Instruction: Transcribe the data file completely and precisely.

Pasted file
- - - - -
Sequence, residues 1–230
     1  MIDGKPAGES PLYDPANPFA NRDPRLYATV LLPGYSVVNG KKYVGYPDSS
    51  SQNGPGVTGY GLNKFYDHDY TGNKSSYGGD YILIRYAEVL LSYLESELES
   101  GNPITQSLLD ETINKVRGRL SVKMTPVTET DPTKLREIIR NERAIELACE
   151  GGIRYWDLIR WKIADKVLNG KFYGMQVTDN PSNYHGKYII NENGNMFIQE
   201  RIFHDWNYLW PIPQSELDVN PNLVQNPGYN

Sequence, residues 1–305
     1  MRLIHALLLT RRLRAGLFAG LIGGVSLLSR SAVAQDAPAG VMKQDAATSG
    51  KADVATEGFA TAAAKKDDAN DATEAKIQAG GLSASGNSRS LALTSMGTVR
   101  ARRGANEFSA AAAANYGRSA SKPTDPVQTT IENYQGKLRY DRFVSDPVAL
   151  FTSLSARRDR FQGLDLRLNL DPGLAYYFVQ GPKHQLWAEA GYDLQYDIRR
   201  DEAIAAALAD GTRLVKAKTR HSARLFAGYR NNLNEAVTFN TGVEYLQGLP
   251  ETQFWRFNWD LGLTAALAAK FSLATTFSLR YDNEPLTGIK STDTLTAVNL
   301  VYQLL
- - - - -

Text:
Sequence, residues 1–230
     1  MIDGKPAGES PLYDPANPFA NRDPRLYATV LLPGYSVVNG KKYVGYPDSS
    51  SQNGPGVTGY GLNKFYDHDY TGNKSSYGGD YILIRYAEVL LSYLESELES
   101  GNPITQSLLD ETINKVRGRL SVKMTPVTET DPTKLREIIR NERAIELACE
   151  GGIRYWDLIR WKIADKVLNG KFYGMQVTDN PSNYHGKYII NENGNMFIQE
   201  RIFHDWNYLW PIPQSELDVN PNLVQNPGYN

Sequence, residues 1–305
     1  MRLIHALLLT RRLRAGLFAG LIGGVSLLSR SAVAQDAPAG VMKQDAATSG
    51  KADVATEGFA TAAAKKDDAN DATEAKIQAG GLSASGNSRS LALTSMGTVR
   101  ARRGANEFSA AAAANYGRSA SKPTDPVQTT IENYQGKLRY DRFVSDPVAL
   151  FTSLSARRDR FQGLDLRLNL DPGLAYYFVQ GPKHQLWAEA GYDLQYDIRR
   201  DEAIAAALAD GTRLVKAKTR HSARLFAGYR NNLNEAVTFN TGVEYLQGLP
   251  ETQFWRFNWD LGLTAALAAK FSLATTFSLR YDNEPLTGIK STDTLTAVNL
   301  VYQLL